Bulletin Board

Identifying a well water odor source and treating flowback water


On May 6, 2015, Bulletin Board user thomaseckhoff posted this question, "The (well) water from my kitchen sink has a fuel oil odor. I had it tested for VOCs by a certified lab, [and] all protocols were followed. The report came back not detec ted (ND) for all constituents. Does anyone have any suggestions?"


Several respondents’ advice is below:

I remember reading this (http://dnr.wi.gov/topic/DrinkingWater/documents/symptoms/SmellsFuelOil.pdf) a while back. I would have an iron bacteria test done if you haven't already. Also if you have a test done and get the results, "200" is considered low. Anything below that should not be an issue.

Is this a "new" house? Did the well sit idle for a while? Are you noticing this smell in all the taps?

— not_an_expert, May 8, 2015


I have seen this exact issue on several occasions. It can be a bit challenging to find the problem, but it is fixable. First, I would check for iron, manganese and heterotrophic plate count (HPC). That will not always give the full answer but would lead in the right direction. If the HPC is high, I would then dig deeper and check [for] iron-related bacteria and sulfate-reducing bacteria. They could also be tested on the first test if you want to save time. 

All of the above seem to have potential of being present in a case like this but not always. 

Likely, it will require chlorine injection, proper retention time and, lastly, follow with a carbon filter. The carbon filter I have found to have beneficial results in this case not only for chlorine removal, but [it] also seems to help with [removing] the smell completely. Some people also try approaching this with carbon only. That should also fix the problem, but might have reduced life.

— SamLapp, May 8, 2015


It is an older house. Yes, [the] smell is noticed from all internal faucets. I will follow up on the bacteria testing. Many thanks.

— thomaseckhoff, May 8, 2015


You can also look for evidence of iron and/or sulfate-reducing bacteria in the back of your toilet tank. Iron bacteria [are] usually reddish brown in color and sulfate is more of a black color.  If you see anything growing, this would be a good indication that you have a problem. You can then test to see how significant the problem is.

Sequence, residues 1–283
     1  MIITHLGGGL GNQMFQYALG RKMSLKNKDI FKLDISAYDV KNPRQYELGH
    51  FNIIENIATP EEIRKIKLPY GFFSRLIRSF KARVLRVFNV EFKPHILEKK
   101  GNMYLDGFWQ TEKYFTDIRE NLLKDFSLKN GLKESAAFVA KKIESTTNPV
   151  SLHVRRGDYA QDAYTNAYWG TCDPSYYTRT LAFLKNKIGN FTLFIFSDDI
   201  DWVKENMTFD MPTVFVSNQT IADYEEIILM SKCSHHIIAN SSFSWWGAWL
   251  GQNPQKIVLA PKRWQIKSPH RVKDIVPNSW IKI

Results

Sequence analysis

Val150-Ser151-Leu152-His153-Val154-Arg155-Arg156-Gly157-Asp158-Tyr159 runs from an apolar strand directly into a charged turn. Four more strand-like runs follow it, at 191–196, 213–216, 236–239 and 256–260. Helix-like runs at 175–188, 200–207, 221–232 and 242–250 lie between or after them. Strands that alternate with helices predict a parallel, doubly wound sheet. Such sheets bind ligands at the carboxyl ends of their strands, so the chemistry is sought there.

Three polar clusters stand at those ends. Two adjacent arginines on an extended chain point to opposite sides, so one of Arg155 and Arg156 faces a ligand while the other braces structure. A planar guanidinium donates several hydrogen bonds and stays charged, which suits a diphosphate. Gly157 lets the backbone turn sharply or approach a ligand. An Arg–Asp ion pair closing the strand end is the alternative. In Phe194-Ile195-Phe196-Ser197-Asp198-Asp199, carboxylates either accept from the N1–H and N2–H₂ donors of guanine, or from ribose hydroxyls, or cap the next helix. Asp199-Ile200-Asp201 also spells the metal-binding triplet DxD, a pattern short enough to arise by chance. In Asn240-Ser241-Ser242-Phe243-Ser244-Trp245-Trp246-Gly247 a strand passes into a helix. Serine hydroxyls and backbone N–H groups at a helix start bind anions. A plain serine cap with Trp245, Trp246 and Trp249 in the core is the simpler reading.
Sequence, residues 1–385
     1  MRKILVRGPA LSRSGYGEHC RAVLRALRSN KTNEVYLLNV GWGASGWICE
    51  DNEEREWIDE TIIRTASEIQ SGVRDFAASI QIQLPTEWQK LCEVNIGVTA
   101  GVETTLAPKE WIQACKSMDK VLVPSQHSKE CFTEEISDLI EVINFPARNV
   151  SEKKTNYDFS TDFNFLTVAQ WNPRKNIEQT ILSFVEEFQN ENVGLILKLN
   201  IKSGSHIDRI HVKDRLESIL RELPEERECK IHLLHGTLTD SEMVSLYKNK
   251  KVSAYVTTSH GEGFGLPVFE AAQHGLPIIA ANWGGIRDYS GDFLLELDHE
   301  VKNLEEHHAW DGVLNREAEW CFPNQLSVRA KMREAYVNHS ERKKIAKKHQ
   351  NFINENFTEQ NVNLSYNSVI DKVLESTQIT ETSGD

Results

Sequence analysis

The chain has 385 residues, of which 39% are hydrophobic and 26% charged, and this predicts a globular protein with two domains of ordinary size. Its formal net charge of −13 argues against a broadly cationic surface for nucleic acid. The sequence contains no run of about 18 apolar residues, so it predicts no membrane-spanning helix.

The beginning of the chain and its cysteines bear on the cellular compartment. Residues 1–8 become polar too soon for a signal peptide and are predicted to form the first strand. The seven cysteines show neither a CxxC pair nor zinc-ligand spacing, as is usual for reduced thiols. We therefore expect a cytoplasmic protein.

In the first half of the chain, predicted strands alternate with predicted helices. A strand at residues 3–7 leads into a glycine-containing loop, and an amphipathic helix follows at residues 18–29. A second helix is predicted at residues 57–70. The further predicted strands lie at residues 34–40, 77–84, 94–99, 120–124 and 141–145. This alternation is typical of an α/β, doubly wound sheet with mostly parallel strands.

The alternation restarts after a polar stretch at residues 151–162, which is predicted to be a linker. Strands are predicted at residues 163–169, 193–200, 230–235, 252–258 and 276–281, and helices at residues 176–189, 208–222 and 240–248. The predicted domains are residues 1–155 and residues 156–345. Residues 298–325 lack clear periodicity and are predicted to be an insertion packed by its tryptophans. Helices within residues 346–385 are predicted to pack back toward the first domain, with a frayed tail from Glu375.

— mariannemetz, May 11, 2015


Removing sodium from hydraulic fracturing flowback

On Feb. 23, 2015, Laurence DAlberti asked about his customer who is engaged in hydraulic fracturing [fracking] operations: My customer is fracking oil and gas deposits in Alberta, Canada. Water is used to [fracture] the rock to release trapped oil and gas. The spent fracking waters are collected, and they want to reuse them. They [contact lime], so sodium levels are around 55,000 parts per million.

What is the best way to remove sodium from a five percent brine solution?




The ionic and organic content of typical flowback water makes it difficult to treat. [A] five percent brine is stronger than seawater, so the only way to remove sodium at that level is high-pressure reverse osmosis or evaporation. Both are expensive and maintenance/operationally expensive on this type [of] application. This is why most well drillers collect flowback water, filter it and try to reuse it on the next [fracking] job. 

— dfrench


Can you help these users? Do you need input on a water quality issue? Visit the Water Technology Bulletin Board and join our community.


Other digital resources

Network with your peers on our social media outlets. Our social strategy is to help link and inform the water industry.

Join our 8,833 Twitter followers. — Twitter.com/WaterTechOnline

Become one of 1,435 who like our Facebook page. — Facebook.com/WaterTechnology

Join the conversation with us on LinkedIn along with our 306 connections. — LinkedIn.com, search Water Technology


Want to be a featured Twitter follower in WaterTech e-News Daily? Follow us today and reach out to Maria Woodie, mwoodie@watertechonline.com to be included in a future issue.

More in Technology Guide